Monday, January 10, 2011


Unbelievably, at least to me, we had to wait 3 weeks to see the Oncologist about whether or not Dad was a good candidate for Avastin treatment. Yes, I am still feeling irritated about this. We had just been told that the tumor(s) were growing faster than expected, and that the Avastin might be a way to rein that in a bit. And we couldn't see the doctor for 3 weeks. I was fully ready to start making phone calls and pounding on waiting room doors to find a doctor to talk to sooner, but Dad didn't want me to do that.

So, we did online research, natch. Avastin works by inhibiting blood vessel formation, robbing tumors of the energy supply. Side effects are usually minimal, mostly involving blood leaking through thin tissue like mucus membranes. It can impede wound healing. Treatment must be stopped at least a month before any surgery. Its very expensive, and doesn't work for all types of tumors. But it has been used against Glioblastoma. With good results. What we couldn't find out online was whether Dad could be considered a good candidate for treatment, and would his health insurance pay for it. It is a very expensive treatment. I suggested at least calling the insurance company and asking, but again, that was nixed.

I don't consider myself a "do whatever it takes no matter the cost to save him" person. I understand that recovery isn't likely or expected in this case. But, damn, I want as much information as possible before making a decision. I felt frustrated, not a lot, but accepted these weren't my decisions anyway.

While we were waiting to see the oncologist, my sister and I discussed the future. Dad wants to stay in his own little place to the end, or as close to it as is safe and practical. We agree with him, we want him to be happy, and truthfully, no matter how horrible this might sound, neither of us want to move him into our homes. We did feel that getting hospice involved early was a good course of actions and wondered how to bring it up with Dad, but then he brought it up first.  More on that in the next post.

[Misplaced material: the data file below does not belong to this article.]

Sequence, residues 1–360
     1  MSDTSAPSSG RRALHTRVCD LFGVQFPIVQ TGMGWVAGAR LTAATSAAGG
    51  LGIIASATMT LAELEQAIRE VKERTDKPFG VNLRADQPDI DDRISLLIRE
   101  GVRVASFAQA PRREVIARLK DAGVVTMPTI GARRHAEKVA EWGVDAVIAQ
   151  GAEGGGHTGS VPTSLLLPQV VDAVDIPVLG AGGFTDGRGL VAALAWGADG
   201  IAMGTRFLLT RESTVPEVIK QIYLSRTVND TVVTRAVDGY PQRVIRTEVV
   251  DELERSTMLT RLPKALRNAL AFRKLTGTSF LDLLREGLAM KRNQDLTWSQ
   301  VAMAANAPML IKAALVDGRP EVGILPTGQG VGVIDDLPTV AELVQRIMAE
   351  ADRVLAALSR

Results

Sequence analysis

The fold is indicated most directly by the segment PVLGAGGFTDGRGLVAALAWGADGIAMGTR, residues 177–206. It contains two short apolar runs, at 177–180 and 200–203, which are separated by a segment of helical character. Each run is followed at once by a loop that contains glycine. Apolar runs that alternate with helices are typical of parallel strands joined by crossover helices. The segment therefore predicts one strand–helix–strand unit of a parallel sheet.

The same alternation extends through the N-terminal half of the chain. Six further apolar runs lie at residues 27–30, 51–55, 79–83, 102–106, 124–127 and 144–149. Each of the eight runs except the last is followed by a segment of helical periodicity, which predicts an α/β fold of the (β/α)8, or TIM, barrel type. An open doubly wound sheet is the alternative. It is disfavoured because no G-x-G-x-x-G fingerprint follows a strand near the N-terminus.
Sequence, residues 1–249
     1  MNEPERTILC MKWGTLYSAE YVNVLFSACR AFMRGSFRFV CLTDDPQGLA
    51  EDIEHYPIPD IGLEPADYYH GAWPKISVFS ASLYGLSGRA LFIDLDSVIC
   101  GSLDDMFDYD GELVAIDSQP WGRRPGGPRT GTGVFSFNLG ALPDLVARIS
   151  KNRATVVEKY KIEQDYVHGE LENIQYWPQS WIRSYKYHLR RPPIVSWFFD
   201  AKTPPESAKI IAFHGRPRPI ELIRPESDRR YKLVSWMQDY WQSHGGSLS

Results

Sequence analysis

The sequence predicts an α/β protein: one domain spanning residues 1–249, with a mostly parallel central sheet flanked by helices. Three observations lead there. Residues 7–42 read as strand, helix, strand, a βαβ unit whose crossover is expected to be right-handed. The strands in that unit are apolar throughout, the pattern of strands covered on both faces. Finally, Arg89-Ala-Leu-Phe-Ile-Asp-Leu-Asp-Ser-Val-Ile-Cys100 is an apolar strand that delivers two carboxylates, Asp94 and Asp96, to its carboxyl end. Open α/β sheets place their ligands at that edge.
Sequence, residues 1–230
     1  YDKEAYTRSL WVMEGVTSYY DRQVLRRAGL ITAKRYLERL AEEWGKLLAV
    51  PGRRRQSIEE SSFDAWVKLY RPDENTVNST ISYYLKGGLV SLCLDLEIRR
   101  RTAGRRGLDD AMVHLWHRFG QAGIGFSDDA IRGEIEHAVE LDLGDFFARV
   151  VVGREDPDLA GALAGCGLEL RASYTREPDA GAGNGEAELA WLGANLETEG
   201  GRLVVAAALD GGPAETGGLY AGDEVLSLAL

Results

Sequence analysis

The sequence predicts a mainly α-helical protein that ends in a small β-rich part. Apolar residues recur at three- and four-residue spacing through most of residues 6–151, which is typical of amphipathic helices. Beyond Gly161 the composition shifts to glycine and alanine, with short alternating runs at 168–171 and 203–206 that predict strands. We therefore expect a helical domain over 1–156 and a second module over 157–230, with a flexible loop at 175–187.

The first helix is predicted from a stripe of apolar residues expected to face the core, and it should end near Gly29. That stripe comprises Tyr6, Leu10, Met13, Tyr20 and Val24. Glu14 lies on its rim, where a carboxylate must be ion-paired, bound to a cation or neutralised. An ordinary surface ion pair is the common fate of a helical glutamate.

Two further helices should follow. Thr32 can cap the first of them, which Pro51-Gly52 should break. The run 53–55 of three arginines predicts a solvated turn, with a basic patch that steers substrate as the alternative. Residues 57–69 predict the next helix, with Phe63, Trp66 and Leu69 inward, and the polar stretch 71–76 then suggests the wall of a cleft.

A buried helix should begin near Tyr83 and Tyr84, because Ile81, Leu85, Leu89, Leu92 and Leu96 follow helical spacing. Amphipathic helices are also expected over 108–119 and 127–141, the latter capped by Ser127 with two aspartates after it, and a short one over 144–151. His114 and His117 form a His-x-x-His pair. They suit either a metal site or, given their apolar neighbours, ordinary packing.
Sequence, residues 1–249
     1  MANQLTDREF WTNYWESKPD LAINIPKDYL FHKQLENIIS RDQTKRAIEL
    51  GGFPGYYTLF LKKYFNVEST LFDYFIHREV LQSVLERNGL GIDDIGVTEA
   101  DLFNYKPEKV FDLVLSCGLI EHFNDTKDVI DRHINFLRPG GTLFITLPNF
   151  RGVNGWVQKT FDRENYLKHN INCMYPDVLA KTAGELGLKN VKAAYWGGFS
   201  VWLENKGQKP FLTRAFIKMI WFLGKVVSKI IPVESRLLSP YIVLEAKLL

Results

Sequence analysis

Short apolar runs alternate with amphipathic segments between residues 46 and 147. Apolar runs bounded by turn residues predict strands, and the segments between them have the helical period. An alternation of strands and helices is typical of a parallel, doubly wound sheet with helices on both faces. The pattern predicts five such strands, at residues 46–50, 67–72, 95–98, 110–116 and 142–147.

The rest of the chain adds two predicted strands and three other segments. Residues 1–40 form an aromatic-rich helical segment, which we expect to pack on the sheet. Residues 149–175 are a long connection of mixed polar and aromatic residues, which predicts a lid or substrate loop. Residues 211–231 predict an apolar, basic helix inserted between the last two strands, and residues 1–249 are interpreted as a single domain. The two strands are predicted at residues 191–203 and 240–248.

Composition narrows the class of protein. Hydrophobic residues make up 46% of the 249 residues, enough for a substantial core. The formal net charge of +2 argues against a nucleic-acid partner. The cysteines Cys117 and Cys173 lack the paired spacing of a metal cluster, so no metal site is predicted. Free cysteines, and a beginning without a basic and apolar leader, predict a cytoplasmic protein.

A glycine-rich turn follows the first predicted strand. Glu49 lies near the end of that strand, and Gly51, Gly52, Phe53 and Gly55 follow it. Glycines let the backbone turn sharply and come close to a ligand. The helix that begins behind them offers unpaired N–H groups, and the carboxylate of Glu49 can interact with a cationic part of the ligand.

Finally appointment day arrived and 5, yup 5 of us crowded into an exam room. Dad, his girlfriend L, my sister, her very supportive husband, and me. Here is what we learned, in a rather large nutshell; Dad is a candidate for treatment, treatment means coming into the office once every 2 weeks for the rest of one's life and spending about 2 hours hooked up to an I.V. while the drug is administered. Health insurance will pay for the treatment. Effectiveness is tracked by periodic MRI scans and symptom severity. Possible extension of life expectancy, zero to a few months.  Dad declined treatment. He didn't say why.

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